One Gene Mutation Links Three Mysterious, Debilitating Diseases

Published in Mental_Floss, 10/17/2016


On a good day, my shoulders, knees, and hips will dislocate two to five times apiece. The slightest bump into a table or door will bloom new bruises on my arms and legs or tear a gash in the thin skin on my hands. My blood pressure will plummet each time I stand, making me feel woozy, nauseated, and weak. I’ll have trouble focusing and remembering words. I’ll run my errands from underneath an umbrella to prevent an allergic reaction to the Sun.

I have Ehlers-Danlos Syndrome (EDS), Postural Orthostatic Tachycardia Syndrome (POTS), and Mast Cell Activation Syndrome (MCAS)—a trifecta of weird diseases. POTS, EDS, and MCAS are so obscure that many doctors have never even heard of them. But a study published today in Nature Genetics might help change that: Researchers have found a genetic mutation that links all three conditions.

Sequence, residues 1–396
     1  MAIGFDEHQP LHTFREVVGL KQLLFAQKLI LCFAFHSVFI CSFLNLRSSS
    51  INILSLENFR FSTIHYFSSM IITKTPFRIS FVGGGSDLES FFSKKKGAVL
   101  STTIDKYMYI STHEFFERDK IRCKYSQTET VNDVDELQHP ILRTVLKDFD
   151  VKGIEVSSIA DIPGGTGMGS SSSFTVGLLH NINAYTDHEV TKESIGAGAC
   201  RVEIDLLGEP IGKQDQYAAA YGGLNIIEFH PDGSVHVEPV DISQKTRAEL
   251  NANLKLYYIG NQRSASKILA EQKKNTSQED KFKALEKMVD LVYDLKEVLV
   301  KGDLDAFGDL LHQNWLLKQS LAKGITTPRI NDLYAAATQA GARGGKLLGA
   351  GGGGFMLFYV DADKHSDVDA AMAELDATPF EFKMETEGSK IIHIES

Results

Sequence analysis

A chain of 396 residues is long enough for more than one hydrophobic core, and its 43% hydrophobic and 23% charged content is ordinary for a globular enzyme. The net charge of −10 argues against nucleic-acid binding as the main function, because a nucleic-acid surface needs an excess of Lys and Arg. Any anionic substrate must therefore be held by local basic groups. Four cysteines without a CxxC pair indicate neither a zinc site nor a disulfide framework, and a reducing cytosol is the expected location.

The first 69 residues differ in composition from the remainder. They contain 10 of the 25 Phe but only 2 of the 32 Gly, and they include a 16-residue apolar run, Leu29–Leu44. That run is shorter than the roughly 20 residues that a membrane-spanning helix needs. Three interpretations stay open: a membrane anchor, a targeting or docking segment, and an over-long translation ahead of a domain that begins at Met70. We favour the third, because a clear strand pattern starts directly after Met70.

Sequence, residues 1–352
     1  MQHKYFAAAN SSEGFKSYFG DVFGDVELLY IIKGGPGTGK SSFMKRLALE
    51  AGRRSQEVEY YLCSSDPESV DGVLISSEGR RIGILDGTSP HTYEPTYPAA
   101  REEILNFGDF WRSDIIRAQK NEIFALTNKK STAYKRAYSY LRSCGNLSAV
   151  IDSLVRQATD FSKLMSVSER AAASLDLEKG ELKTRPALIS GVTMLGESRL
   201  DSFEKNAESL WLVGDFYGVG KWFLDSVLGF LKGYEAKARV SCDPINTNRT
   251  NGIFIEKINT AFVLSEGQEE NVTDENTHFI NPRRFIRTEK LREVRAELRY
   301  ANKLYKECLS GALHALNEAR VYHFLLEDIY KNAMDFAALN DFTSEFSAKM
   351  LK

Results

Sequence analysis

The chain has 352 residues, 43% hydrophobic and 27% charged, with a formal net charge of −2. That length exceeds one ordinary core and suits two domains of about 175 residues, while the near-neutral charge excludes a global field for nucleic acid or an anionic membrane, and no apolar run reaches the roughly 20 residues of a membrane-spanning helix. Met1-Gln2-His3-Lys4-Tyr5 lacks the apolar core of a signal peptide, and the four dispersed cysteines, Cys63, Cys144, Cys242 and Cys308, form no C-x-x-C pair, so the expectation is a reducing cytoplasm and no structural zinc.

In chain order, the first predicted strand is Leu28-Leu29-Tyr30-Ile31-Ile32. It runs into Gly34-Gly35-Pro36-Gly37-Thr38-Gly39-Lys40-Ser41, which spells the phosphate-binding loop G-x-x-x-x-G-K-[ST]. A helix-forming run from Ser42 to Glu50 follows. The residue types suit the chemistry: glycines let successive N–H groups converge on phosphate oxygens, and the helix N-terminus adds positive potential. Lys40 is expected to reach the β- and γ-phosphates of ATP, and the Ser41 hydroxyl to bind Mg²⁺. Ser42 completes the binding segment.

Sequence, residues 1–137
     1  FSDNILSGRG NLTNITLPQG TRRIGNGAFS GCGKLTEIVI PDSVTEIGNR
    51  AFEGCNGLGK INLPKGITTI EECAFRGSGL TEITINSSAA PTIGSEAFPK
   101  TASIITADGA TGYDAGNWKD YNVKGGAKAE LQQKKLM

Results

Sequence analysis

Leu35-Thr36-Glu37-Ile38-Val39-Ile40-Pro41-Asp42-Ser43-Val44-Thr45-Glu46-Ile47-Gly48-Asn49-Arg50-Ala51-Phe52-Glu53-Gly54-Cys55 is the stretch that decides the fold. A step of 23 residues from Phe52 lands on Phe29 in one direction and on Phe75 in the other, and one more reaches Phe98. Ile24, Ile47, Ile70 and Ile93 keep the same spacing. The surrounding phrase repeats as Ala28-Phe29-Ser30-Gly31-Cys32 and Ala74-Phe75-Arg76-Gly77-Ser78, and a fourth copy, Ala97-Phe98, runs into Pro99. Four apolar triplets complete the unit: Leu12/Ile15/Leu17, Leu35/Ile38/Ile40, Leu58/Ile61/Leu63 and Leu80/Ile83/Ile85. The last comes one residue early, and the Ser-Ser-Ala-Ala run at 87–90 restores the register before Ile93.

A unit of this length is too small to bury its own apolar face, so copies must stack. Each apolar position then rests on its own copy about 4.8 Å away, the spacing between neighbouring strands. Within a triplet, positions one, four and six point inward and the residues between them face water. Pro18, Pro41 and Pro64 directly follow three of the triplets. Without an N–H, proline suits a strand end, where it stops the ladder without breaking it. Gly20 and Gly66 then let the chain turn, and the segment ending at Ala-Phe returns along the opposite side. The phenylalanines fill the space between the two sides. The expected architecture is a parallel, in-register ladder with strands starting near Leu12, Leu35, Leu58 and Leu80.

There are at least six types of EDS, all caused by defective connective tissue. I’ve got the most common form, Hypermobility Type (EDS-HT), also known as EDS-III. EDS-HT is considered the most “benign” form—that is, it’s generally not fatal—but the chronic pain, injuries, and other symptoms it causes can easily take over a person’s life.

POTS is a form of dysautonomia, or dysfunction of the autonomic nervous system (ANS). The ANS manages all the things your body does without thinking, from breathing and pumping blood to digesting food. My POTS is pretty mild; at the moment, the hardest parts are the fatigue and the cognitive issues caused by decreased blood flow to my brain. Other people are not so lucky and may need feeding tubes or constant bed rest.

MCAS, also called Mast Cell Activation Disease, is the newest and potentially the trickiest of the three. Mast cells are generally heroes in the body, helping keep the immune system alert and responsive. But some people have paranoid mast cells that can perceive just about anything (foods, medications, temperatures, deep breathing) as a threat. And when they go off, there’s no telling what will happen; researchers have implicated mast cell activation issues in dozens of symptoms and conditions, from anaphylactic shock to irritable bowel syndrome as well as dysautonomia and connective tissue problems.

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